Lexus has entered the small-to medium SUV market in fabulous style, writes David Bonnici
Having spent the previous week in automotive heaven strutting around in the brutish Lexus RC F racing coupe, jumping into an SUV should have been a let-down – but this is no ordinary SUV.
The NX 200 is the smallest of the Lexus SUV range and the first to enter the hotly contested small-to medium SUV market.
It is a turbocharged petrol version of the hybrid NX 300h released several months earlier.
While the NX 300 is stately, the 200 is it’s sporty cousin though it isn’t wanting for luxury and features.
On the outside, it’s very attractive, with angular lines, a hawkish face and squinty headlights in an aggressive-looking grill.
As is the fashion with SUVs, the side windows are quite narrow, particularly at the rear, which means reduced all-round vision for the driver and a lesser view for those in the back seat, particularly children.
Inside is nice, as you’d expect from Lexus. The test car had two-tone red and black leather that took a bit of getting used to but suited this car well.
A nice, big centre console leads up to the gear shift, air-conditioning controls and the 7-inch multi media screen atop the dashboard.
Multi-media functions are controlled by finger pad, which takes a little getting used to, especially when trying to input a destination for the satellite navigation.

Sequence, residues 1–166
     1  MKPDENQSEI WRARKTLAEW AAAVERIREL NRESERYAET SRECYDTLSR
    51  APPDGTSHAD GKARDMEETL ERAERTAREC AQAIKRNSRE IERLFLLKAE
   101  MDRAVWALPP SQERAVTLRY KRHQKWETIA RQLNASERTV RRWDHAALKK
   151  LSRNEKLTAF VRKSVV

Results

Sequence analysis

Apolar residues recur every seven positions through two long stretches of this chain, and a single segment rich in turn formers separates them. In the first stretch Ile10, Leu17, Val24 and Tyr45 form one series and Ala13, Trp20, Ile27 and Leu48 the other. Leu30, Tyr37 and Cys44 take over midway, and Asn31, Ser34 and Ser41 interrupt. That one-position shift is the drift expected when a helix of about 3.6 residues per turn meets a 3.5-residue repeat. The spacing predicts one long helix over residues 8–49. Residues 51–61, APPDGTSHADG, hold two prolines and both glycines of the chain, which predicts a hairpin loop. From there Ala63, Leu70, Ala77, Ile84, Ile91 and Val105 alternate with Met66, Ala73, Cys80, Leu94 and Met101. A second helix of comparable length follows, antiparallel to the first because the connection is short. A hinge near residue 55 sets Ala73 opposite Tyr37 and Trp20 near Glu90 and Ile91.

Music is via a 10-speaker Pioneer audio system with an option of a 14-speaker Mark Levinson system as in the RC F. Either makes for great sound, played via in-built digital radio as well as Bluetooth audio streaming.
The spacious centre console box has two USB ports and an auxiliary port that can be used to play videos on the multimedia screen – not that you’d want to while driving, of course.
At the business end of the dashboard, the tacho and speedometer sit either side of a multi-function display that has trip computer info and also lets you know which driving mode is being used – eco, normal or sport.
On and off the road
The NX200 F Sport lives up to it’s name and goes along very nicely. It has the height advantage of an SUV with the handling of a car. The F Sport comes with All-Wheel-Drive, which makes it handle well, and the 2.0-litre turbocharged four-cylinder engine is incredibly responsive.
It handles dirt roads nicely, too, in terms of ride and handling, which made for a lovely Saturday out on the back roads near Mt Macedon – as close to Lexus heartland as you can get. This is a lot of fun to drive and at the end of our seven-day dalliance I was as reluctant to let it go, as I was the RC F.
The fuel economy isn’t bad – 7.7 litres/100km compared to the NX300 hybrid’s 5.7L/100km.
Safety features are abundant and include blind-side monitoring, hill-start assist, rear camera, eight airbags and a nifty panoramic view monitor that lets you see all around the car and makes up for the narrow windows.
It makes me wonder what took Lexus so long to enter the popular small-to-medium SUV market, though I’m glad they’ve done so.
With prices starting at $57,567 drive away for the base-model 2WD NX 200t, this is a luxury SUV that more than holds it’s own against much pricier German models in terms of quality and driver enjoyment.